Public spheres theories provide purpose and direction to composition instruction: the teaching of writing within this context empowers our students to participate in public discourse and make a difference in communities. New media has been celebrated for its democratic nature, and composition instructors have begun to use public spheres theories as they incorporate new media in the classroom to create a protopublic space. Yet most composition instructors have ignored the wealth of evidence that shows that the Internet is not as democratic as it seems. As such, our new media teaching practices should account for both the democratic opportunities and failures of the Internet. By using examples from my own classroom, I demonstrate how blogs can be used within the composition classroom by focusing on public spheres oriented teaching practices and methods. Four specific pedagogical approaches which instructors can incorporate are discussed: embracing the small-scale, counterpublic, and private potential of the blog; teaching students rhetorical skills which enable them to contribute more meaningfully to online conversations; teaching aspects of online infrastructure and distribution; and consciously using Habermas' criteria of public spheres to construct an online public community of class members. By using new media in the composition classroom, teachers can promote civic virtues within our students, support democracy, and positively transform the Internet's public space.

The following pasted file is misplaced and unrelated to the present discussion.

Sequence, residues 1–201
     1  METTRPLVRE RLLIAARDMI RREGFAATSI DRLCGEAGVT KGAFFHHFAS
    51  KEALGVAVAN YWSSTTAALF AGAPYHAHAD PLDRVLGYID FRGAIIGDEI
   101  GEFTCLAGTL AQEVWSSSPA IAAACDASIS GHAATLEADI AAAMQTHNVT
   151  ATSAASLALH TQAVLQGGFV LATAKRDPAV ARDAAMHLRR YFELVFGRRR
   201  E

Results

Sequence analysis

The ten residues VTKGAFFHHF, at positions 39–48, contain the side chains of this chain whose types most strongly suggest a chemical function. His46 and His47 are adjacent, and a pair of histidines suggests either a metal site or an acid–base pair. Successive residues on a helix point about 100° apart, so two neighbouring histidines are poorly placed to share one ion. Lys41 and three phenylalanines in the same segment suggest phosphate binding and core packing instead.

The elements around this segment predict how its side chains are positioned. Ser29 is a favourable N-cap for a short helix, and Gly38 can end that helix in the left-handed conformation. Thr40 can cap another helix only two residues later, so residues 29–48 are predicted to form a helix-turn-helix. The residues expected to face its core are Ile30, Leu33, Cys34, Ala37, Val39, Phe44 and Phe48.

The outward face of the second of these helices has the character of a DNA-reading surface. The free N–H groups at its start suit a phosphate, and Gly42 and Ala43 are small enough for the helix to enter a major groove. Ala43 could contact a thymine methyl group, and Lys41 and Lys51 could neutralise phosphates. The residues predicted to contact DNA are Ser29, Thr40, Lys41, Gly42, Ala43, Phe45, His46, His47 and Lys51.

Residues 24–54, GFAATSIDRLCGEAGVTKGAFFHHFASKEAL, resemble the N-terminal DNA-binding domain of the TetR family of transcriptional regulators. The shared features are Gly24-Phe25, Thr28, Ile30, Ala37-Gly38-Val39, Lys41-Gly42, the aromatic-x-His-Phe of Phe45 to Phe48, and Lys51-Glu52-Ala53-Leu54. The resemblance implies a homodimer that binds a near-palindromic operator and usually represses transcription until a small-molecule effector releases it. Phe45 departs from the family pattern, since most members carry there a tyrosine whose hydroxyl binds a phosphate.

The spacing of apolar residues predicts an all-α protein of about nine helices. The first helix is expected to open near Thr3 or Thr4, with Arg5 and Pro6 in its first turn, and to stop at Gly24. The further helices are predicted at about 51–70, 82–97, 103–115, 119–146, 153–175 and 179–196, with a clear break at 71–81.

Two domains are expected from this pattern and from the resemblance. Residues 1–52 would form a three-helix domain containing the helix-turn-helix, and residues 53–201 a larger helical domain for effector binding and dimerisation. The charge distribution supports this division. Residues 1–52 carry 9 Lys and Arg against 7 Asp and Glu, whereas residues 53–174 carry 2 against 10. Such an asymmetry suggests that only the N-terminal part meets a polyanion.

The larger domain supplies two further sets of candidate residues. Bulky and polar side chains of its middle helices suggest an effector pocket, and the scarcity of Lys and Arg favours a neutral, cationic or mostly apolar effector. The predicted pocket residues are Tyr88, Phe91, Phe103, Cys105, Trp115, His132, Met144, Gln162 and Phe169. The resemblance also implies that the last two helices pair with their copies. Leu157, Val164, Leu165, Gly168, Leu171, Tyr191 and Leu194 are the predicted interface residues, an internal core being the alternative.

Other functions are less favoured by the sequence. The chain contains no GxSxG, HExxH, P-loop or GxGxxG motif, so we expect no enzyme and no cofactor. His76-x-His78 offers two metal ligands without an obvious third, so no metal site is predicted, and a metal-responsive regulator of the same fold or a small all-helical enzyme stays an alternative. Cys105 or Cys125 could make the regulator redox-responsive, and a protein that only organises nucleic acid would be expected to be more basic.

College and Department
BYU ScholarsArchive Citation
Cowley, Katherine Elizabeth, "Public Spheres, Democracy, and New Media: Using Blogs in the Composition Classroom" (2010). Theses and Dissertations. 2042.
new media, composition, blogs, public spheres, Internet, democracy, teaching